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I just started working for a new company and my new role demands that I help debug the video corruption that they are receiving through decoding frames. As much as I intend on digging down deep into the code and looking into the specifics of my problem, it made me think about video debugging in general.

Since handling videos is very new to me, the whole process seems pretty complex and it seems there are a lot of places for corruption to present itself. The way I see it there is at least three places where corruption could pop up (barring memory corruption from the machine):

  • Transporting the data before it is decoded
  • decoding implementation that perpetuates corruption once it is encountered, or is all together incorrect (Which seems to be my problem)
  • Transportation to the monitor(which seems unlikely but possible)

So what i'm really curious about is if/how people debug their video streams to determine the location of any potential corruption they are encountering. I'm sure there is no sure fire method but I am curious to see what problems are even possible and how they can be identified and triaged.

P.S. - I'm not sure of the differences between different decoding methods but, if this question seems too vague maybe it helps to mention I am using ffmpeg and avcodec_decode_video2 for the decoding.

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If you are using established tools as ffmpeg then the chance of incorrect decoding is very low. Also, it is not uncommon that standard codecs "perpetuate" errors to the following frames. What codecs are you using? The first place where I would look for data corruption is the transport channel, particularly if it is wireless. Are you working with some specific scenario (e.g. tactic networks with unreliable wireless signals)? Of course, you need to check that the video is encoded correctly before being transmitted. Try do decode it before transmission and see if the corruption is still present. –  elnigno Sep 17 '13 at 12:16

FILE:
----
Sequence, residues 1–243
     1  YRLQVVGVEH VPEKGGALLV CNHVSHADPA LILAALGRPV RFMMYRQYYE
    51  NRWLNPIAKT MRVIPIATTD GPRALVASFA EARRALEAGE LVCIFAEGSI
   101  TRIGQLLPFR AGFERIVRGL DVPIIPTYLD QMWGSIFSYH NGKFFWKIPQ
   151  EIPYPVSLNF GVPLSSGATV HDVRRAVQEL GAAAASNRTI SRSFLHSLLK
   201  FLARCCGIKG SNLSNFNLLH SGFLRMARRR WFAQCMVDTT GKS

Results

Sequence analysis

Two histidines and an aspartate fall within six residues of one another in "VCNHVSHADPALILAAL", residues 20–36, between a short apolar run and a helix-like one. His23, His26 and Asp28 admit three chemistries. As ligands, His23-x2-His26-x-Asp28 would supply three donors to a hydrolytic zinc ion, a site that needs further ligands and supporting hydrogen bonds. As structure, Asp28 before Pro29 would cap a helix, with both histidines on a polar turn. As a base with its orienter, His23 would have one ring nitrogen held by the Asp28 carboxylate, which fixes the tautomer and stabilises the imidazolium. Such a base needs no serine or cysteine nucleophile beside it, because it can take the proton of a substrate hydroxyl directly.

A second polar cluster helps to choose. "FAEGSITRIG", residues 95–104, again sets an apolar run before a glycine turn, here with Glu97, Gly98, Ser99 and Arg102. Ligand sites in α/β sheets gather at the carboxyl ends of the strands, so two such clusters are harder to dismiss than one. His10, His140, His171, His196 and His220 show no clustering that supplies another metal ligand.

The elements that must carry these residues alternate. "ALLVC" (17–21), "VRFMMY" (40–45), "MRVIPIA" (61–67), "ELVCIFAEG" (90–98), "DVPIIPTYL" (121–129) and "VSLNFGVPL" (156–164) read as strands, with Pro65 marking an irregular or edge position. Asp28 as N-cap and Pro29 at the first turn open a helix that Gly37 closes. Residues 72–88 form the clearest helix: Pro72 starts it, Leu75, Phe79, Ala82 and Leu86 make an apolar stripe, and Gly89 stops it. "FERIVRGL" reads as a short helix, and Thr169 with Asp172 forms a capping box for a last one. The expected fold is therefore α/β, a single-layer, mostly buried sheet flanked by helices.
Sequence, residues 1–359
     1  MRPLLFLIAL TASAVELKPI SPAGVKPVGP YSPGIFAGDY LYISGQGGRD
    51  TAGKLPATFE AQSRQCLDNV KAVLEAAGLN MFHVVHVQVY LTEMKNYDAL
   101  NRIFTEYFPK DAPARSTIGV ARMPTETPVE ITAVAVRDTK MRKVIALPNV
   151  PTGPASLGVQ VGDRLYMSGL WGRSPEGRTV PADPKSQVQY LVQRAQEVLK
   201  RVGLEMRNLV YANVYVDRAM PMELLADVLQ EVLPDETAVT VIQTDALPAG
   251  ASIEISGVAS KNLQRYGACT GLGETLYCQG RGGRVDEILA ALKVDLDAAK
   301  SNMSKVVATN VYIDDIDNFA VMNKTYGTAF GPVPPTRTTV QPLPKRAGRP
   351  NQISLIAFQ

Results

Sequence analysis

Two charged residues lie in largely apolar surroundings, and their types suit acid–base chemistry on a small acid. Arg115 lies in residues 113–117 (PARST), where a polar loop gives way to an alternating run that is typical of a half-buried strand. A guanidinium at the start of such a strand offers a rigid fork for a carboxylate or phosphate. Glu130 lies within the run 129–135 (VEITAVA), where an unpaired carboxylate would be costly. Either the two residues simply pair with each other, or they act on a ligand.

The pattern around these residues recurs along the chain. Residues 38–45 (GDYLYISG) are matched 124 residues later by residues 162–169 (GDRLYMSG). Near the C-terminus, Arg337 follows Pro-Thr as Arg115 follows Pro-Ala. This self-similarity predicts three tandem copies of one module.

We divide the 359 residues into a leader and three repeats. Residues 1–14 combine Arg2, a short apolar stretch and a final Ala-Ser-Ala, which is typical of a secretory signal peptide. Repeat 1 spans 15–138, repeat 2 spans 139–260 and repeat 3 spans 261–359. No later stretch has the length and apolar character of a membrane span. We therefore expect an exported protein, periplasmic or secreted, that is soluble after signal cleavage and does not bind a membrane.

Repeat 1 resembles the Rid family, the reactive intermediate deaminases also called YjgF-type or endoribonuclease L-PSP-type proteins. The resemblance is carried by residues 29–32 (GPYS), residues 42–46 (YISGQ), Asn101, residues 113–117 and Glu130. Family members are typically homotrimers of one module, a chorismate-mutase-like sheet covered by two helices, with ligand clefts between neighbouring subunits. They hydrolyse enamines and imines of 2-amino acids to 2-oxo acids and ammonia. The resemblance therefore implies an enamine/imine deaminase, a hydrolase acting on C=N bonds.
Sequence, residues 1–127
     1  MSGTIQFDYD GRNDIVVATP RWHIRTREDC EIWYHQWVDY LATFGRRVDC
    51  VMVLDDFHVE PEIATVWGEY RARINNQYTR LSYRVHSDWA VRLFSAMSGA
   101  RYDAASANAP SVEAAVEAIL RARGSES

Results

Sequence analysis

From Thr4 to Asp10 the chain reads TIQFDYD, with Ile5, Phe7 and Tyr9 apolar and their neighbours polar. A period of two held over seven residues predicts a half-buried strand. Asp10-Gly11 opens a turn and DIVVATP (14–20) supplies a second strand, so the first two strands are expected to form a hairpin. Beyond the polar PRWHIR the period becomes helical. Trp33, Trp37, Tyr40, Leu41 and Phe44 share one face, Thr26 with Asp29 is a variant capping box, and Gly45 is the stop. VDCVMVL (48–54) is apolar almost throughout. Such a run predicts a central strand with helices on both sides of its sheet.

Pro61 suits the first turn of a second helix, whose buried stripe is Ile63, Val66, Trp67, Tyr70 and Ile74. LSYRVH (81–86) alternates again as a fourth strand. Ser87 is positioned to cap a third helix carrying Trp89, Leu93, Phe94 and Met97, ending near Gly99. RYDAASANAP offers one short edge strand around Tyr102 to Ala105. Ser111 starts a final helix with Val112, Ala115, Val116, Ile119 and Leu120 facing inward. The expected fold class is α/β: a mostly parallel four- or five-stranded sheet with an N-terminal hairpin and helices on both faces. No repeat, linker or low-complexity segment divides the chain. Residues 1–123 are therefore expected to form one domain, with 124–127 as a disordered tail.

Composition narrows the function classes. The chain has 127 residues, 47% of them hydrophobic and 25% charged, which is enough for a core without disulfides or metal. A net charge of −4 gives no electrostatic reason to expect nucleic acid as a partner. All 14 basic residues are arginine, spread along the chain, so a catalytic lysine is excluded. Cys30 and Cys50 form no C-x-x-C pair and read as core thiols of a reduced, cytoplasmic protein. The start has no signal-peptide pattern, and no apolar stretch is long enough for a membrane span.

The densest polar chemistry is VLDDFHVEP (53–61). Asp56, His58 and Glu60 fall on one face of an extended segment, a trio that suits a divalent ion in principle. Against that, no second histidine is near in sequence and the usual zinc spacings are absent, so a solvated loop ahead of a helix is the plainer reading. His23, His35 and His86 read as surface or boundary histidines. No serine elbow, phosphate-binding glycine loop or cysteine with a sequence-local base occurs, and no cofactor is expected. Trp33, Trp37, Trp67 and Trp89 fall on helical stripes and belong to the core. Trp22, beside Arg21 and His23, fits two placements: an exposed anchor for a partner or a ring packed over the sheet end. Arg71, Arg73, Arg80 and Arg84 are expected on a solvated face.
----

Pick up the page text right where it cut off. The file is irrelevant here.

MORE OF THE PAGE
I believe the code in question is H264. I have also done testing on the encoding using a reliable decoding software, this software is able to decode the images perfectly. So at least I know it is limited to the decoding implementation. –  TopGunCoder Sep 17 '13 at 14:37
    
Ok, if this is the case then what kind of distortion do you see? Does it appear only in some cases or is it general? Is the encoding lossy or lossless? –  elnigno Sep 18 '13 at 8:23
    
It is just a bunch of garbled shapes and colors that take the shape of what the video feed is. As for the encoding I'm pretty sure it is lossless, but then again I have only been digging into the decoding side of things. I asked another question about what I hypothesize the corruption could be coming from. It might be a stretch but it seems to have some merit stackoverflow.com/questions/18857365/… –  TopGunCoder Sep 18 '13 at 11:19
2  
Can you try also different encoding settings? This could help finding what's specifically wrong in the decoding. –  elnigno Sep 18 '13 at 11:24

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